Ghosts of Christmas Present
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Bay Windows
December 21, 2006

RICHARD J. ROSENDALL

Ghosts of Christmas Present


Each of us has his own familiar spirits, her own favored abstractions, its own “buttons” waiting to be pushed. (I am joking with my pronouns, but pronouns are a major bugaboo for some people – whom I am afraid I have just provoked by treating the matter with irreverence.) Virtually everywhere we look, and with everything we say, we encounter one another’s ghosts.

Perhaps the greatest barrier to LGBT equality is unquestioned abstractions – ideas whose time has come and gone. The theocons and their allies who constantly demonize us for partisan gain are not really looking at us. They refuse to see us, and that is really their whole point. What they see is a bogeyman – whether ideological reflection or marketing device.

We ourselves burn a lot of gas fighting over abstractions like assimilationism, when much of the internecine conflict would dissolve if we simply reframed our goal as surviving and thriving in the prevailing society without giving up who we are – a task inherently harder for some of us than for others. My own sense is that the most radical and in-your-face formulations (like the silly “gender queer”) tend to be adopted by privileged young people indulging rebellious impulses at little or no personal cost.

Transgender sex workers struggling on the streets of our cities, on the other hand, have no such luxury. What they need is not a radical abstraction, but shelter and job training and counseling and substance abuse treatment. Some professionally angry activists may prefer to denounce me for rejecting “gender queer” than to look for common ground. And that is fine. People wedded to distrust are part of the reality I have to deal with. I can only control my own choices, and I choose as an activist to work with whomever I can to make useful changes in public policy.

Some offending ghosts have a way of sticking around. Many leading enablers of the radical right are quite young, as can be seen at National Review Online. Generations of Southerners inherited the Lost Cause, in which the crime of slavery was obscured by a nostalgic haze. Yankees engage in their own mythologizing of the Founding Fathers. And if not for the awe of ritual and authority long promulgated by the Catholic Church, the abuses by pedophiles within the priesthood could not have continued nor remained hidden for so long. Dispelling popular demons requires more work than just waiting for the older generation to die.

If you think that our society is plagued with old superstitions, consider the recent experience of my lover Patrick. Last week he called his brother in Africa, who is raising the two orphaned sons of a third brother who died a few years ago. One of the boys had become paralyzed on one side, and the family’s response was to take him to a witch doctor. Patrick, who is a professional nurse, became angry and insisted that his brother take the boy to the hospital immediately. He then called the doctor to discuss symptoms and treatment.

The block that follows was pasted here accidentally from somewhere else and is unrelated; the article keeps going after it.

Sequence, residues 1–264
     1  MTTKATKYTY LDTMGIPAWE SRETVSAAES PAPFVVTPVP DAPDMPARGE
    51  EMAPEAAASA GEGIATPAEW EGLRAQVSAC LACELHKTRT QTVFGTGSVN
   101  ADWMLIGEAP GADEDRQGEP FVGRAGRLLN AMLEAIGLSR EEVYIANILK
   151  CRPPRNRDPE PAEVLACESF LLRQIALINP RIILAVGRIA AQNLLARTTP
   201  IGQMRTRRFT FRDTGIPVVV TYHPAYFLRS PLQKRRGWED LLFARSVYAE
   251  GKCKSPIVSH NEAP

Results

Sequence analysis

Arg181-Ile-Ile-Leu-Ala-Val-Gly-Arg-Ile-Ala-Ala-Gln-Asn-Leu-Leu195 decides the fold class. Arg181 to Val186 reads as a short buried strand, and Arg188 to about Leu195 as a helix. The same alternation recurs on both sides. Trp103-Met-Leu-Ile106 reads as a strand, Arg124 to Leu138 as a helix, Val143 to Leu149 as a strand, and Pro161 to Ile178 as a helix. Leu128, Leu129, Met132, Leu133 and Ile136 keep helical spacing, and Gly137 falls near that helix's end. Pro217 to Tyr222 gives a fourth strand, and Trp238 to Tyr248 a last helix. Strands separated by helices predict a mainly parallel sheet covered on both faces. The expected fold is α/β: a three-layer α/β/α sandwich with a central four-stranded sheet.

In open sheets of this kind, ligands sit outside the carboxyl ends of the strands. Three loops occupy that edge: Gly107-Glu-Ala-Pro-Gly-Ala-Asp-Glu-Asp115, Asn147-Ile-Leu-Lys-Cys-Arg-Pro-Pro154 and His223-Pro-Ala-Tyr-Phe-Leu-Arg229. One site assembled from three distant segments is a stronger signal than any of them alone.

The boy responded well to medication, and is now out of the hospital and feeling fine. Patrick is struggling to find his place in his family, which reacted violently to learning he was gay, but he is naturally assertive and in this case his assertiveness may have saved his nephew’s life. The same situation occurs in this country with believers in faith healing who refuse medical treatment for their seriously sick children. But it is one thing when people embrace such folly themselves (and bad enough for their dependents); it is quite another when they attempt to use government to foist their phantoms on everyone else.

The current American politician most gifted at plowing through the ectoplasm and appealing broadly to a divided electorate is Barack Obama. As I write this, I just heard his praises being sung by, of all people, Newt Gingrich. Asked by Tim Russert about Obama’s relative lack of experience, Gingrich observed, “Abraham Lincoln had two years in the U.S. House, and he seemed to do pretty well.” Gingrich was followed by conservative columnist David Brooks, who praised Obama’s penchant for seeing the best in opponents’ arguments and reflecting them back.

In Bill Condon’s 1998 film Gods and Monsters, James Whale, played by Ian McKellen, refers to himself and rival director George Cukor as a couple of old queens slapping each other with lilies. That image comes to mind when Obama says that the culture wars that baby boomers have fought for decades are of little interest to the younger generation. On the leading hot-button issue, gay rights, the poll numbers suggest he is right: younger voters accept their gay peers as a matter of course. Life must be lived in the present, however, and baby boomer concerns continue to haunt us.

In politics, victory usually goes to the one who has the most compelling narrative. In the case of popular ideas, especially those purporting to define the world in some way, there is a test that transcends the political arena, which is whether the idea works. When people cling to a big idea that has failed, tragedy can result. The time comes for an intervention, as my Patrick undertook on behalf of his nephew. And the best interveners are those closest to the problem.

As was said of charity, so let us say about dispatching our demons: Ghostbusting begins at home.


Copyright © 2006 by Richard J. Rosendall. All rights reserved.